Saturday, October 2, 2010

Spending 9/11 in Washington, DC.

View from Ft. Meyer-Henderson Hall.

Living in the DC area isn’t what you would imagine. You don’t always go into the city even though you live there. And you don’t think of driving a few miles to a hotel as much of a vacation.

But it can be.

We hadn't intended to spend the weekend in the city as politics gets on my last nerve, and we figured that the 9/11 weekend would be freighted with babbelry and nonsense. No self-respecting politician would miss an opportunity to opine to the throngs, even on what should be a sacred day. This being the distinguishing feature of politicians in general, a decided lack of reverence for all things we citizens hold dear.

Still, the nice weekends of the year were dwindling and the weather was beautiful, so we decided to go for it and put on our political blinders.

Alexandria is a beautiful setting from which to visit the city. You get to sit across the river from the pundits and still enjoy the view…can’t hear the foolishness…not even an echo, and it's a quick metro ride to the Mall.

You forget that American does have beautiful architecture, large boulevards and that old country charm. Getting away from it all can be as simple as driving across the bridge to Alexandria and finding that quaint get-away.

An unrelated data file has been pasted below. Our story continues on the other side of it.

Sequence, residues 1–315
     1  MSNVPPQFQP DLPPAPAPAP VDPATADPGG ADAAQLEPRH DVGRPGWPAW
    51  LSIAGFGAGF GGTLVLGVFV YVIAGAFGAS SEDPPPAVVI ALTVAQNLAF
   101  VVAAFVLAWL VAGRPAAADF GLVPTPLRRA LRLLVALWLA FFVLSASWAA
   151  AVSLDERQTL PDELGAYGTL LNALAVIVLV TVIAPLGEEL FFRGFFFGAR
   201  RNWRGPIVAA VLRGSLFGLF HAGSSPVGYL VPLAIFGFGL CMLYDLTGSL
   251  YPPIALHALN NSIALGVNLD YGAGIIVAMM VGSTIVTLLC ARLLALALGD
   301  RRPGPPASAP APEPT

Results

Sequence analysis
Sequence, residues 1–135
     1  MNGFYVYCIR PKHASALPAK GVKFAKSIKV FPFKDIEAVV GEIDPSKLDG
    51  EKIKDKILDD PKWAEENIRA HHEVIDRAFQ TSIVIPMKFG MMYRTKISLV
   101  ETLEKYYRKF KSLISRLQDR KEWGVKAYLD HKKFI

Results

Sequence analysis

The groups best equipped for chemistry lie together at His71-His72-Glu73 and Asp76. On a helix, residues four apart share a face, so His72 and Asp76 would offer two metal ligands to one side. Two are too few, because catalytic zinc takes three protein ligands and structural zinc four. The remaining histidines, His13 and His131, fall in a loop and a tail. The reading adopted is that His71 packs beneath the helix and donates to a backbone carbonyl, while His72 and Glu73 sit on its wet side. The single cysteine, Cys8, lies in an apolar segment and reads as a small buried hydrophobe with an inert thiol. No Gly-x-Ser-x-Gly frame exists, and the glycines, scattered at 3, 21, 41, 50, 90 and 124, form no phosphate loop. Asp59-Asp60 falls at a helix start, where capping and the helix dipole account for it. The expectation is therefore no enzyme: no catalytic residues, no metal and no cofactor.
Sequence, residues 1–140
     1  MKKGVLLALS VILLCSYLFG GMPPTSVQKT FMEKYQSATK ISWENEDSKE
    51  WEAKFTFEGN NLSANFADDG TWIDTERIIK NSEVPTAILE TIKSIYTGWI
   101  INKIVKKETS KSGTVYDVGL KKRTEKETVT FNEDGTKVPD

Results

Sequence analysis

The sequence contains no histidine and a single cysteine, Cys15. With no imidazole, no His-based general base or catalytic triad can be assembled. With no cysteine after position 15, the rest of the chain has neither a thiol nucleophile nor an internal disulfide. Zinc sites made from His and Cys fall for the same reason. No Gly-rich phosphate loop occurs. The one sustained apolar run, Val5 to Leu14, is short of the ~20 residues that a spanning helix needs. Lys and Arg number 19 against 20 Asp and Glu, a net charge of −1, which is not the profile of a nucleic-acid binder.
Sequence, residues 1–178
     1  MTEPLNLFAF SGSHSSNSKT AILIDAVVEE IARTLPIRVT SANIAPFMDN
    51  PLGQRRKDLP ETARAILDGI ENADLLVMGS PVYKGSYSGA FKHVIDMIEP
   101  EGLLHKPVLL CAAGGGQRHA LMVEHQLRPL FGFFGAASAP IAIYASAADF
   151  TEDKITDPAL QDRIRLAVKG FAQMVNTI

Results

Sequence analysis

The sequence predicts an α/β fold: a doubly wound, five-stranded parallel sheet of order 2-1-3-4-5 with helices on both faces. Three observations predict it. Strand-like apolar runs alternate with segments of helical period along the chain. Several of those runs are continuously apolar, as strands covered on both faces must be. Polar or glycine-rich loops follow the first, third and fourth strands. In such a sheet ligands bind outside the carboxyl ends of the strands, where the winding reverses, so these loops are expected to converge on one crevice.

Lucky for me, as retired military, I have the advantage of booking in to military lodging. It isn’t cheap, but it is very private, quiet and relaxing. We stayed at Henderson Hall, and as you can see from the picture, it is completely devoid of the cold and modern new-mellenia stylings of today's buildings.

That is exactly why I love it.

A glass of Harvey’s on our second story veranda in the evening was so enjoyable as to make the whole weekend a delight. The setting is that idyllic.
Then, of course, there is the obligatory trapsing to the Smithsonian, the White House and other attractions. You think it will be boring and that because you've been there before and done that, that somehow you will be woefully unimpressed. What a delight to find out that it is as thrilling to visit the Smithsonian (any part of it) on subsequent occasions as it was (or will be ) on your first.

They say familiarity breeds contempt...I'm inclined to believe that this premise holds true only if the thing you're becoming familiar with was contemptible in the first place.
While politics and those who practice it may fall from our favor, grand cities are a joy forever. and Washington, DC is no exception. For the mix of charm and grandeur, I rank it up there with other cities I have visited; Heidelberg, Berlin, Paris.
And while it is true some parties I won't mention (whose initals start with "T") did try to comandeer this solemn weekend, they were unsuccessful. Nature and good sense conspired to deminish their effect and appeal. Raining at the right moment, and becoming cloudless almost on cue, as crowds failed to gather. In fact, there wan't even a mention on the news. And though the entire Mall had been set up and prepared with tents and porta Ps, only a handful of people actually showed up.
Maybe Americans are more politically savvy then they get credit for. I was happy to see that the crowd was smaller than my Christmas party last year. Well done America. Maybe if we ignore them, they will go away.
One can only hope.
As for our weekend, it was a great success.  Just the right mix of relaxation and tourism.

I  almost forgot. No vacation is complete without a picture of the dog.